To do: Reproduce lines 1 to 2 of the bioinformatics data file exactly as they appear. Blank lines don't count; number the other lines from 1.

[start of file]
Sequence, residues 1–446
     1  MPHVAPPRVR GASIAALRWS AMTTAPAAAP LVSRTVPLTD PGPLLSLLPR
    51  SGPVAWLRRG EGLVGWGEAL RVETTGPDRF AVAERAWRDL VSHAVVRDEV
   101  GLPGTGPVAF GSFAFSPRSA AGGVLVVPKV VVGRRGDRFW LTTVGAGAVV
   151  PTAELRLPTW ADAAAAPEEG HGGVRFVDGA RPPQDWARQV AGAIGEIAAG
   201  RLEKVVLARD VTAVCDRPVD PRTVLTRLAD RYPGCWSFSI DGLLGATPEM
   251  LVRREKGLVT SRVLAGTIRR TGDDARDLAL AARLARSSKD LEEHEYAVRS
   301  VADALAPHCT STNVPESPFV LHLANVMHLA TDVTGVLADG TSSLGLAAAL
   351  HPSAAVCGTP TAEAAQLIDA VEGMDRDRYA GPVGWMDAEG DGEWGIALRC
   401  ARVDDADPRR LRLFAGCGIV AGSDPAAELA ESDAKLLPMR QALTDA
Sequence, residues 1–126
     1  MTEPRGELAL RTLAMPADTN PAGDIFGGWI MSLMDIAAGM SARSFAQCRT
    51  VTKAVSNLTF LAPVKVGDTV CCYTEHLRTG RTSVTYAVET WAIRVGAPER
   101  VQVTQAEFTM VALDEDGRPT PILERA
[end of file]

Sequence, residues 1–446
     1  MPHVAPPRVR GASIAALRWS AMTTAPAAAP LVSRTVPLTD PGPLLSLLPR